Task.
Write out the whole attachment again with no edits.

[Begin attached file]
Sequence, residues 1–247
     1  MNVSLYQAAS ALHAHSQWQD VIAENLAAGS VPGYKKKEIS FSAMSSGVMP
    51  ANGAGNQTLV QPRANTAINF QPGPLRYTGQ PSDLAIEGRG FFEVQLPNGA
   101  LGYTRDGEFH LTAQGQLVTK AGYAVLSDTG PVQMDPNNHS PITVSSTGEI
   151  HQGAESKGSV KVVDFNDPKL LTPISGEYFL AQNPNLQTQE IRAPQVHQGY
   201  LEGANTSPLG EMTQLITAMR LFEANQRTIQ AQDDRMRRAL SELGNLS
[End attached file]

Sequence, residues 1–247
     1  MNVSLYQAAS ALHAHSQWQD VIAENLAAGS VPGYKKKEIS FSAMSSGVMP
    51  ANGAGNQTLV QPRANTAINF QPGPLRYTGQ PSDLAIEGRG FFEVQLPNGA
   101  LGYTRDGEFH LTAQGQLVTK AGYAVLSDTG PVQMDPNNHS PITVSSTGEI
   151  HQGAESKGSV KVVDFNDPKL LTPISGEYFL AQNPNLQTQE IRAPQVHQGY
   201  LEGANTSPLG EMTQLITAMR LFEANQRTIQ AQDDRMRRAL SELGNLS